Environment

New Zealand aims to eradicate invasive predators – including rats

New Zealand aims to eradicate ...
The New Zealand government has announced that it plans to make the country completely free of invasive predators, including rats, by 2050
The New Zealand government has announced that it plans to make the country completely free of invasive predators, including rats, by 2050
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The New Zealand government has announced that it plans to make the country completely free of invasive predators, including rats, by 2050
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The New Zealand government has announced that it plans to make the country completely free of invasive predators, including rats, by 2050

Anyone who's ever dealt with rats in their home knows how hard it can be to completely clear out the pests, but the New Zealand government plans to achieve it on a national scale – and not just with rats. Prime Minister John Key announced this week that the country is aiming to be completely free of introduced predators, including rats, stoats and possums, by 2050.

"While once the greatest threat to our native wildlife was poaching and deforestation it is now introduced predators," says Key. "Rats, possums and stoats kill 25 million of our native birds every year, and prey on other native species such as lizards and, along with the rest of our environment, we must do more to protect them."

The details of exactly how are up to a new joint venture company called Predator Free New Zealand Limited, which will seek out viable predator control projects, and attract co-investors to help scale them up and increase their chances of success.

With introduced pests costing the country's economy an estimated NZ$3.3 billion (US$2.3 billion) each year, the government will invest NZ$28 million (US$19.6 million) into the venture, as well as chipping in an extra 50 percent of the amount invested by local councils and private companies.

Some of the methods currently used by the NZ government in the past have been controversial, including aerial drops of 1080 poison, which can lead to a slow and painful death – and which the NZ government says will continue. But with much of this funding going towards designing new technologies, hopefully less cruel alternatives can be developed.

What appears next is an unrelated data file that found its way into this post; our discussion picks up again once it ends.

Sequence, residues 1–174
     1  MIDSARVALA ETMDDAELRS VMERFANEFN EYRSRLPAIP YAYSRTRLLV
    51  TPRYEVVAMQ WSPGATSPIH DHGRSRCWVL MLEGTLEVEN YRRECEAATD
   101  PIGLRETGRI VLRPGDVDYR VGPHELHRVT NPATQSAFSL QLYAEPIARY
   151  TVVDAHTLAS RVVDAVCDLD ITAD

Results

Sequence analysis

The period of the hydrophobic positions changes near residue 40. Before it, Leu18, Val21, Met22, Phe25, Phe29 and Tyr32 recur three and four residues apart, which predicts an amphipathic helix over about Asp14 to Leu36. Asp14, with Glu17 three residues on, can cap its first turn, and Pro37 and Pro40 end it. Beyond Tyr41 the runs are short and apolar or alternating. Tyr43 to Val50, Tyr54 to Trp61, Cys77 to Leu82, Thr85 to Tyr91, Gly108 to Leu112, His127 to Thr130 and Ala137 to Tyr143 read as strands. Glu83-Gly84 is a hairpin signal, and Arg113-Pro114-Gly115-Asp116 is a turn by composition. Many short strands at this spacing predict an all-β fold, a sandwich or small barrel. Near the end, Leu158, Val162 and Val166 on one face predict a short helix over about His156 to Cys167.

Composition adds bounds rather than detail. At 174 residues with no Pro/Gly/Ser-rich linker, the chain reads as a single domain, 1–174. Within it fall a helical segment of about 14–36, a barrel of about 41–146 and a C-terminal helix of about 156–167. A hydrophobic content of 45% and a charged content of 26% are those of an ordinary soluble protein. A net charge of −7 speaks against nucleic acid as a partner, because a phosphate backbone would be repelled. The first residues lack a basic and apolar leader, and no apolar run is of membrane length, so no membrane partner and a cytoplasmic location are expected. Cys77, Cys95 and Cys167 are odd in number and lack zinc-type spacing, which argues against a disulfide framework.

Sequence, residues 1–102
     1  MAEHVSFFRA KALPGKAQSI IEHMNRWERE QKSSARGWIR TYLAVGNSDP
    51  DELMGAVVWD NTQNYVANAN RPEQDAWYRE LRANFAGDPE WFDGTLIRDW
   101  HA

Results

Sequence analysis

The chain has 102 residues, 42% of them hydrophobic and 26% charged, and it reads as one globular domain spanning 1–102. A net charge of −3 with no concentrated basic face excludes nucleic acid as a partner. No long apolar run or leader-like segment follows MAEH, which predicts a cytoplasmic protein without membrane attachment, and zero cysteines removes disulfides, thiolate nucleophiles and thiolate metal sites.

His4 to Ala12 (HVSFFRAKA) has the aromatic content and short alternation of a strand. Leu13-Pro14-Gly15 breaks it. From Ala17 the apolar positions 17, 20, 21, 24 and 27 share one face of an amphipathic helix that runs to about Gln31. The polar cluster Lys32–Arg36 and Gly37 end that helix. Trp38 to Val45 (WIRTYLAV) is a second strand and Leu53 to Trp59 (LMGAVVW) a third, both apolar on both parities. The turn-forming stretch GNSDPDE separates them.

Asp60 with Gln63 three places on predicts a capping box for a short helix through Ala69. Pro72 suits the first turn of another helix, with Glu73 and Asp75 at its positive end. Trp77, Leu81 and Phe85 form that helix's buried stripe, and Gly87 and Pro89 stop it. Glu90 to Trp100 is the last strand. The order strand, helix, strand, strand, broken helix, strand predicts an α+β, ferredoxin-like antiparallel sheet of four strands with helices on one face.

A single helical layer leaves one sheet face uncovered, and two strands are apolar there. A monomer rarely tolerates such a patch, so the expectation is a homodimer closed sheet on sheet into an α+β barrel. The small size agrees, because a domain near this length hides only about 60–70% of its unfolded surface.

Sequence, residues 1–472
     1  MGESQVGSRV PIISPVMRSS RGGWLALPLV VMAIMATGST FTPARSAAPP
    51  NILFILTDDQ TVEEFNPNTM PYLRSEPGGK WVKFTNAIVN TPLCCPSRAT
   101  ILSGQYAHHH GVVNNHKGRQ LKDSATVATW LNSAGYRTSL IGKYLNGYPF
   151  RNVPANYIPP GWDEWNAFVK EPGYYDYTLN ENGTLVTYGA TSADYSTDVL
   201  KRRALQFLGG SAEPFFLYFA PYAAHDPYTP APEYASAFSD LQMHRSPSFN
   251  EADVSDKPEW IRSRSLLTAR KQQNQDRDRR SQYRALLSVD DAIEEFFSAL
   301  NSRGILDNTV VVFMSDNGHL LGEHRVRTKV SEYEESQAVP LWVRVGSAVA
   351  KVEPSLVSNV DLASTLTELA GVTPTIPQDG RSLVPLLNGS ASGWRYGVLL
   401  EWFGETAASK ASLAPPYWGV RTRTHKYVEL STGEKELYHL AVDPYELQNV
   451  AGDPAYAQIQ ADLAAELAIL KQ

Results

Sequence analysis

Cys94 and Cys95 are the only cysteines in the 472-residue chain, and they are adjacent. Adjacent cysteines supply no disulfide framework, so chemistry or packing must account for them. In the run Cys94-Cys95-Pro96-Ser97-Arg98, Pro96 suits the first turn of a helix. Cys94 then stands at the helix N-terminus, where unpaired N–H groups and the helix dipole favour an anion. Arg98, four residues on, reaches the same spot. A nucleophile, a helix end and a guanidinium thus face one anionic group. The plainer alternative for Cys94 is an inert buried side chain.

"This is the most ambitious conservation project attempted anywhere in the world, but we believe if we all work together as a country we can achieve it," says Key.

Source: New Zealand government [1],[2]

6 comments
Robert Walther
The only good rat is a dead rat, especially in non native habitats. I really hope that some fanatic group does not ramp up bizarro rat 'rights' arguments.
Tanstar
Using US dollars for convenience, if you are losing $2.3 billion a year to a problem, investing less than $2 million in the solution seems stupid. Granted, sometimes throwing more money at a problem doesn't help. Sounds to me like they need a bunch of cats imported. Then, when the cats take care of all of the rats and possums and stoats, import coyotes to take care of the cats. Once the cats are gone, import bolt action rifles :)
ArtofSpeed
The indiscriminate aerial dropping of poison hardly seems to me what i would call (environmentally friendly?)
PG
In the above picture, they are peculiar looking RATS. They look more like possums. Notice the long nose and the large ears..... Or can someone point out exactly which rat species this is?
Nik
If the government put a ransom on each creature, 'dead or alive' then it would encourage the whole population to join in the hunt. England managed to eradicate the Coypu [a giant rat] from the Norfolk Broads and surroundings, many years ago. They were a real danger to crops and people, as they undermined dikes, which could cause collapse, as well as consuming crops. With no natural predators, they could reproduce at will, and they did, and being the size of a small to medium dog, they also had healthy appetites. It has been suggested that the collapse of the protective levies by hurricane Katrina may have been exacerbated by extensive undermining by Coypu. Rats being smaller, and breeding faster and in greater numbers will be very difficult to eradicate, as they can hide very effectively. Perhaps a biological eradicator like myxomatosis as used on rabbits could be part of the answer.
JaimeGonzalez
Using 1080 is really a bizarre method. Plenty of videos showing it landing in streams, breaking down in streams, harming all kinds of animal populations outside the target group. This is not a solution.